2. Berries – A variety of anti-oxidants and anti-pain compounds are found in berries like blackberries, raspberries, blueberries and strawberries

3. Celery and Celery Seeds – The book “Green Pharmacy”, lists more than 20 anti-inflammatory compounds in celery and celery seeds, including a substance called apigenin, which is powerful in its anti-inflammatory action. Celery seeds can be added to soups, stews or as a salt substitute in many recipes.

4. Ginger – Ginger has been shown to reduce pain-causing prostaglandin levels in the body and has been widely used in India to treat pain and inflammation. Multiple studies by Indian researchers found that ginger is an effective treatment for muscular pain. The recommended dosage of ginger is between 500 and 1,000 milligrams per day.

5. Turmeric – Turmeric (curcuma longa) the common orange/yellow spice has been shown to be a more effective anti-inflammatory than steroid medications when dealing with acute inflammation. Its main therapeutic ingredient is curcumin. Research shows that curcumin suppresses pain through a similar mechanism as drugs like COX-1 and COX-2 inhibitors (without the harmful side effects).  Dose a standardized extract with 1500 mg of curcumin content per day.

6. Omega-3s Fatty Acids – Many fatty fish like salmon, mackerel and herring contain Omega-3 oils.  These oils convert in the body into hormone-like substances that decrease inflammation and pain. According to the National Institute of Health, fish oil is a potent anti-inflammatory agent. Fish oil acts directly on the immune system by suppressing 40 to 55 percent of the release of cytokines, compounds known to destroy joints. Many other studies also demonstrate that eating moderate amounts of fish or taking fish oil reduces pain and inflammation, particularly for arthritis sufferers.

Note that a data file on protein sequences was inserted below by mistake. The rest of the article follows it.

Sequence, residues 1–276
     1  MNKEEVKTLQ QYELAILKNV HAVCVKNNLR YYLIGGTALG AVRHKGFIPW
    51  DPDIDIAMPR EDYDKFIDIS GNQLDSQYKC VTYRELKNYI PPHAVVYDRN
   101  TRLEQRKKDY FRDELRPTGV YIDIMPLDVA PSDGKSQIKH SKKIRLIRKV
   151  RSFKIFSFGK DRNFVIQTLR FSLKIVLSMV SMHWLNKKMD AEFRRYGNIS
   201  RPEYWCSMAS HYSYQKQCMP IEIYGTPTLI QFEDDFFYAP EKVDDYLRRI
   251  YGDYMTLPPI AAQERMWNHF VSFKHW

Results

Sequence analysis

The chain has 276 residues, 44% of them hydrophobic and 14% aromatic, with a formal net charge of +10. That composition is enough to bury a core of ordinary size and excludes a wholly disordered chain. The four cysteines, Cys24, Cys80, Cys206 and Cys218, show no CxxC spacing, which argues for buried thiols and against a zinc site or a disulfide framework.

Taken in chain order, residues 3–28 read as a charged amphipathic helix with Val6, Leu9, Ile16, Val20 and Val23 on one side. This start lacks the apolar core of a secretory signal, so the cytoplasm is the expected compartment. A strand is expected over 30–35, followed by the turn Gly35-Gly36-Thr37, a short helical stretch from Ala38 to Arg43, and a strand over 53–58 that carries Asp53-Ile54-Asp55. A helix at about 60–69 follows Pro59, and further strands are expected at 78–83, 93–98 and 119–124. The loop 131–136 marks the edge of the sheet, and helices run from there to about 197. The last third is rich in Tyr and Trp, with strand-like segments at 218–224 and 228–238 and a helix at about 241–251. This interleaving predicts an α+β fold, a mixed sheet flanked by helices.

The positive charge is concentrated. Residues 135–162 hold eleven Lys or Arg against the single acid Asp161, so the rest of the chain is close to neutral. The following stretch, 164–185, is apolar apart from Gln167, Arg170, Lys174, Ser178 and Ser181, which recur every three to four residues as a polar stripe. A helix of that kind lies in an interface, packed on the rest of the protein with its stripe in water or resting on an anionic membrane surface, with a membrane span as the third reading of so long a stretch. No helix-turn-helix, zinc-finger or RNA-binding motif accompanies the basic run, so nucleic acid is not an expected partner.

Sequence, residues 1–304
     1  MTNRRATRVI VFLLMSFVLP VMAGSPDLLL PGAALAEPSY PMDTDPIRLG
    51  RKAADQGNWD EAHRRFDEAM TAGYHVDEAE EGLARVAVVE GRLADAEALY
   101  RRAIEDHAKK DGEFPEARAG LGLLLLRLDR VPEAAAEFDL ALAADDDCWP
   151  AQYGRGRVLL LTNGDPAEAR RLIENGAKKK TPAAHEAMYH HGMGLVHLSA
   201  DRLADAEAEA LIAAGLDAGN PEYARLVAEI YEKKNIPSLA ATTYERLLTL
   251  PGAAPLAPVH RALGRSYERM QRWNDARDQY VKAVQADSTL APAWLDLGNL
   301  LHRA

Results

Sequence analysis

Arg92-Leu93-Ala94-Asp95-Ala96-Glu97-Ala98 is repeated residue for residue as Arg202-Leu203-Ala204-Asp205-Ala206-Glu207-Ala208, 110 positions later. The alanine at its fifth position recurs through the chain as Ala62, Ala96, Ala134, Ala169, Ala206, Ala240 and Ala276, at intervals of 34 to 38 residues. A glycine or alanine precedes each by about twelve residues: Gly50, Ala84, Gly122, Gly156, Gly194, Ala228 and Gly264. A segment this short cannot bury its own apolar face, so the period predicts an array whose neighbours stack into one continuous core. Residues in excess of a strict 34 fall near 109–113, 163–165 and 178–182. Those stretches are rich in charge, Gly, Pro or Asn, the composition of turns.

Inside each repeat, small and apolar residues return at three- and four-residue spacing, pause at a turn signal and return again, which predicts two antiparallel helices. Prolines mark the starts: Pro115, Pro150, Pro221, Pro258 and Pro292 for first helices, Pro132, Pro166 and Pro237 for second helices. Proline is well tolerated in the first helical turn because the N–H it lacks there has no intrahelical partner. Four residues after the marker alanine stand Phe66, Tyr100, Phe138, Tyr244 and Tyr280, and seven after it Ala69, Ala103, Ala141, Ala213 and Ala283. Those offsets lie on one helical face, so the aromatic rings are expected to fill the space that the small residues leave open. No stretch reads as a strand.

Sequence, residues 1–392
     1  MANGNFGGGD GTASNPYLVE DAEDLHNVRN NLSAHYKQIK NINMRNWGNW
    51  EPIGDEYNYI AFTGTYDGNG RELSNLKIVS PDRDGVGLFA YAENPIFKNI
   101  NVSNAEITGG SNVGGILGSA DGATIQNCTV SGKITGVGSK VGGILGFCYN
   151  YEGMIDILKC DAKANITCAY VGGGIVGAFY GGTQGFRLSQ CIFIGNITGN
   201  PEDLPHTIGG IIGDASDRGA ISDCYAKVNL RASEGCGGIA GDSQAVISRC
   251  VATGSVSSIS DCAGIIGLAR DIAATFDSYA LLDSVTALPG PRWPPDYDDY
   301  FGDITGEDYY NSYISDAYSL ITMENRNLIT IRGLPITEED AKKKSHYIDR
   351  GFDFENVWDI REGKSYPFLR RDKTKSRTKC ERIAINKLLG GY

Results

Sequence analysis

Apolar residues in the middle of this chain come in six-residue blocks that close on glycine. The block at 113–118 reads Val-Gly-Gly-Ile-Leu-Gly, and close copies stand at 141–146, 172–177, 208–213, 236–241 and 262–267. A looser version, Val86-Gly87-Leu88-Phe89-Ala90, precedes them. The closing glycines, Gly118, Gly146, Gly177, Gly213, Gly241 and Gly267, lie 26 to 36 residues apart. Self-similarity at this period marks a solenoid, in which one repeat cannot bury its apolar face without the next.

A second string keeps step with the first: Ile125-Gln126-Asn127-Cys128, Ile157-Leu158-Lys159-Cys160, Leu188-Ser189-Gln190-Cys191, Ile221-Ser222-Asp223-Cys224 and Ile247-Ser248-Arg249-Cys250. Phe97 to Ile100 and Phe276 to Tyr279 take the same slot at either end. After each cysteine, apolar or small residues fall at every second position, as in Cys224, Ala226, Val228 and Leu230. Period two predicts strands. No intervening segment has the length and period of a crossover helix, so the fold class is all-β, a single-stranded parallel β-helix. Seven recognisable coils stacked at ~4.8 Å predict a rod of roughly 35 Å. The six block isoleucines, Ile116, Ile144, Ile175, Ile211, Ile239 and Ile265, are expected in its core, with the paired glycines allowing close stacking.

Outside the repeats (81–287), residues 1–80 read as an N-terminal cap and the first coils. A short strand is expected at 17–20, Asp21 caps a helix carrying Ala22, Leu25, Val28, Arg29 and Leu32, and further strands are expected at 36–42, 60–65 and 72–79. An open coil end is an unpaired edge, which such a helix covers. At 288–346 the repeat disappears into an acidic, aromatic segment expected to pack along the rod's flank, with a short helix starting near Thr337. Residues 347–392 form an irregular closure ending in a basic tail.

If you are looking for additional help reducing pain, here are a few options:*

  • Proteolytic Enzymes
  • Vitamin D if your blood levels are low
  • Boswellia (Frankincense)
  • MSM, Glucosamine & Chondroitin
  • White Willow Bark (for short-term use)

* Discuss taking any supplements with your doctor before making any changes.

Healthy Hair Starters

While strands of hair are actually just life-less protein fibers, the hair follicles under your skin are very much alive. Hair follicles need a supply of nutrients like other parts of the body.  Some of these nutrients critical hair nutrients include: protein, carbohydrates, EFAs (fatty acids), vitamins B6 and B12, biotin, and iron.

Stress, illnesses and hormone imbalances can also affect your hair in a negative way, which is why some women do tend to lose their hair in times of high stress. Female hormones (progesterone and estrogen) promote thick, healthy hair, while male hormones can cause hair loss or thinning hair.  So, if you needed yet another reason to eat better and stress less, keep in mind that your hair health is affected by what goes in your body, too.

Herbs and Spices With Real Health Benefits

Not only do herbs and spices give a blast of flavor to bland foods, they can also provide many health benefits as well. Try adding one (or more) to your recipes:

  1. Black pepper can boost immune health. Almost any dish will benefit from a sprinkle of pepper.
  2. Cinnamon may help lower your blood sugar. Try adding to tea, fruit or sweet potatoes.